Scatamburlo-D’Annibale, V. and Peter McLaren (2003) The Strategic Centrality of Class in the Politics of “Race” and “Difference” in Cultural Studies ↔ Critical Methodologies,  3(2): 148-175

[There is my general introduction to this piece here]

Recent left-wing discourses [post-marxism and other  'posts'-- what the authors call  'post-als'] describe the demise of critical metanarratives while ignoring the triumphant metanarrative of global capitalism - -which destroys communities and causes divisions as much as ever. For instance, 'almost half the world's population...are living on less than US $2 a day' (149). Meanwhile, leftists celebrate the  '"decentring of capitalism",  "the abandonment of revolutionary politics,"  and the  "emphasis on language -- its priority over deeds, words or social forces"' (citing Wray 1998, page 149). Academics have further been drawn into abstract theorising instead of practical politics.

There is an echo here of E P Thompson's attack on scholastic marxist theory. As in the late Seventies, theory is now valued in terms of  'how it can be used to deconstruct or otherwise disrupt established meanings, signifying systems, and regimes of representation' (149). This has its value, but not if it means an accommodation with capital, especially if there seems to be no alternative.

Marxism has been rejected in terms of neglecting dimensions of oppression other than that of class. This is often a distortion, based on a simple notion of seeing marxism as economic determinism. Marxist politics have also been rejected. Instead, post-marxism appears to offer a better alternative, and, indeed has become widely accepted on the left.

The assumption with 'post' positions is that culture is now the major bases for oppression, especially forms of representation and their entanglements with power. This dimension is important, but we must not be 'blind to the economic'  (150). The processes of class formation still needs be analysed, and the centrality of class relations restored.

'Post-al 'positions put the notion of difference at the heart of their analysis, in order to critique liberal notions of unified subjectivity, and analyse the creation of subjectivity within language and culture. This has often led to support for different kinds of identity politics, despite the problems  [which include debates about whether something like ethnic identity is a social construct or some  'core' identity -- see file]. Often this is done by ignoring economic and other material dimensions. Class is denied as a major factor, usually by caricaturing marxist notions as economic determinist. It follows that culture  looks at least relatively autonomous, and eventually autonomous. Difference can then be analysed and politicised without reference to the relations of production.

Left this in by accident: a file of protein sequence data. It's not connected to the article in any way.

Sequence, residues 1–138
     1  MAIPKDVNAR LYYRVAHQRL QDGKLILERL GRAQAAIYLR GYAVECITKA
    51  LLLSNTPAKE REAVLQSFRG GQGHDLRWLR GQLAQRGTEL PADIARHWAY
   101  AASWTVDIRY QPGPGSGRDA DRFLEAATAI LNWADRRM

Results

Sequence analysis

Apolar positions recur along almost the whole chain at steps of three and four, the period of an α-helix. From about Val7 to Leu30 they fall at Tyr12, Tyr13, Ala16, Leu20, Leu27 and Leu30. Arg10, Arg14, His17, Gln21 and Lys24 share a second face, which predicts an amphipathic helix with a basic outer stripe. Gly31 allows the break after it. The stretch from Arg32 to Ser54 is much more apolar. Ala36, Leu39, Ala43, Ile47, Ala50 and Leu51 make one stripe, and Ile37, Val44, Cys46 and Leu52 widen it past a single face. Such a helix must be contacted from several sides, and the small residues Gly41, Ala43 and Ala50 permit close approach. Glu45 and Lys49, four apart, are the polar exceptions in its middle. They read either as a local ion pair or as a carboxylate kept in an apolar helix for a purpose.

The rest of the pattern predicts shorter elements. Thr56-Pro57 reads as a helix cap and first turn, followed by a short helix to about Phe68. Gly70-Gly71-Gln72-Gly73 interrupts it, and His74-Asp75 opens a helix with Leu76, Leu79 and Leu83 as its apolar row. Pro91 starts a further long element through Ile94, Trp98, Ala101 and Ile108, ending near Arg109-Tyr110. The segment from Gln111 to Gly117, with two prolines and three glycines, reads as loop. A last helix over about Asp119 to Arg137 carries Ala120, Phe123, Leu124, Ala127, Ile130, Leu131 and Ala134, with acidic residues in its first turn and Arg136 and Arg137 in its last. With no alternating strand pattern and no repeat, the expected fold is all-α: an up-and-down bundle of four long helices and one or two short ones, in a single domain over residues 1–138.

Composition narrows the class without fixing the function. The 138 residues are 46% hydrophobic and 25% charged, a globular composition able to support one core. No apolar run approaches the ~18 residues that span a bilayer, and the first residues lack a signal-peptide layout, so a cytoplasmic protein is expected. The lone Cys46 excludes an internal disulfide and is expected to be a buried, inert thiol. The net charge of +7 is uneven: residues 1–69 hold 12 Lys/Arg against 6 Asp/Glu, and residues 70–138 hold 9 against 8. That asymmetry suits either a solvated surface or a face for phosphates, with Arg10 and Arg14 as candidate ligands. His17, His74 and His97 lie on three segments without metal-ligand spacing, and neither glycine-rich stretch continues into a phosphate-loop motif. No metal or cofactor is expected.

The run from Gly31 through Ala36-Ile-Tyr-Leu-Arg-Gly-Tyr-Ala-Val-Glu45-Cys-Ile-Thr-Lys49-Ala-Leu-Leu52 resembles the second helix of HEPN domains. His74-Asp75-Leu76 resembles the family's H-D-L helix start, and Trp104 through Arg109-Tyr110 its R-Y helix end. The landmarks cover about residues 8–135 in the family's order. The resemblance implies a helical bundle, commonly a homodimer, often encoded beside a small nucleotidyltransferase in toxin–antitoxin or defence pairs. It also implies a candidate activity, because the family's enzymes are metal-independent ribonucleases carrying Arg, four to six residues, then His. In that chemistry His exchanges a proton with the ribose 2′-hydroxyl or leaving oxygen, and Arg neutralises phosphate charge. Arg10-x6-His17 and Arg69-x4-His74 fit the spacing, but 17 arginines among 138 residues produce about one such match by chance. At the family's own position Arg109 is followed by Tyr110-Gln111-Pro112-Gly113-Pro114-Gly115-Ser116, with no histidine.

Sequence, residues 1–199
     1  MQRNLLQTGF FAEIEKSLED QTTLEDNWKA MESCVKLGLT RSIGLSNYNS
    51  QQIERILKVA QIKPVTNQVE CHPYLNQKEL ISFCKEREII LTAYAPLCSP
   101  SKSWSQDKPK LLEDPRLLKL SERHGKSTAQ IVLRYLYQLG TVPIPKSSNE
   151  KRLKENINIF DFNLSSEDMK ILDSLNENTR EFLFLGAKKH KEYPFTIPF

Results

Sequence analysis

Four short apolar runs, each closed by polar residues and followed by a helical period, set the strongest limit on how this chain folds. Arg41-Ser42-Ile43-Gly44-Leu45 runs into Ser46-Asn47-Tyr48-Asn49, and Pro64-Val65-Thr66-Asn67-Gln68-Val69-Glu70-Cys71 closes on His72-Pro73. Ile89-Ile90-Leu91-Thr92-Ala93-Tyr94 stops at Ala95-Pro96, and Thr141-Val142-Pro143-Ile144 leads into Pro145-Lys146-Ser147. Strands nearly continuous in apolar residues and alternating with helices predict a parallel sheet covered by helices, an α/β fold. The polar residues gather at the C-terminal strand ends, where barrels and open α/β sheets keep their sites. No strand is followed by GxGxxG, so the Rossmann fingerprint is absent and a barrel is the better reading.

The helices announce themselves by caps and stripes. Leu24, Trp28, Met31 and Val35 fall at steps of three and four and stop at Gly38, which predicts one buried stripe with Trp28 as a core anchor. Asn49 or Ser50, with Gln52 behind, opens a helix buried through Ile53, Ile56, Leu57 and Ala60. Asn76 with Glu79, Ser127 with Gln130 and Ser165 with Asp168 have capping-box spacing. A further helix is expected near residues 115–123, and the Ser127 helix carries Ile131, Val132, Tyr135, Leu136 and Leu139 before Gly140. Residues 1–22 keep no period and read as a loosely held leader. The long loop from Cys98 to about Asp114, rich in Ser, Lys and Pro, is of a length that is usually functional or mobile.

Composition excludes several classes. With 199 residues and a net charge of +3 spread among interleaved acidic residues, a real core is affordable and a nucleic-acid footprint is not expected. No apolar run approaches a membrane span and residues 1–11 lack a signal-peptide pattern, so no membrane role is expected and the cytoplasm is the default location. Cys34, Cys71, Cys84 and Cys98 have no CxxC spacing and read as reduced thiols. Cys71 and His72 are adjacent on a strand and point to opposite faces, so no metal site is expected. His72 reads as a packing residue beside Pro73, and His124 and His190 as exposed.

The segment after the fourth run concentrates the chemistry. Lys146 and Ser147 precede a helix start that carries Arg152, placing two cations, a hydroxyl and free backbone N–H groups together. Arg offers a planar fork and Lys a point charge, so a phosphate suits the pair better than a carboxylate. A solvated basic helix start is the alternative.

An adequate marxist analysis would also reject economic determinism in favour of later formulations such as those in the Grundrisse. In this formulation, 'cultural and/or discursive' matters can be accepted is important 'sites of contestation'  (152), and for their role in helping oppressed groups to find a voice. Analyses such as those undertaken by Hall or Gilroy see otherness as part of a hegemonic articulation, while work on identity such as Butler's can show  'how race works to constitute racial subject through a reiterated discursive practice... [which involves]... naming and... shaming' (152).

However, it is still important to move beyond the discursive and cultural realms. It is necessary to understand the history of such cultural developments and their connection to class analysis. It is necessary to grasp the  'totalizing... power and function of capital' (153). In this sense,  '"culture"  is not the  "other"  of class but rather constitute part of a more comprehensive theorization of class relations' (153). Difference arises from social contradictions themselves stemming from domination and oppression in particular contexts. In this sense, separating class from culture is a misleading abstraction.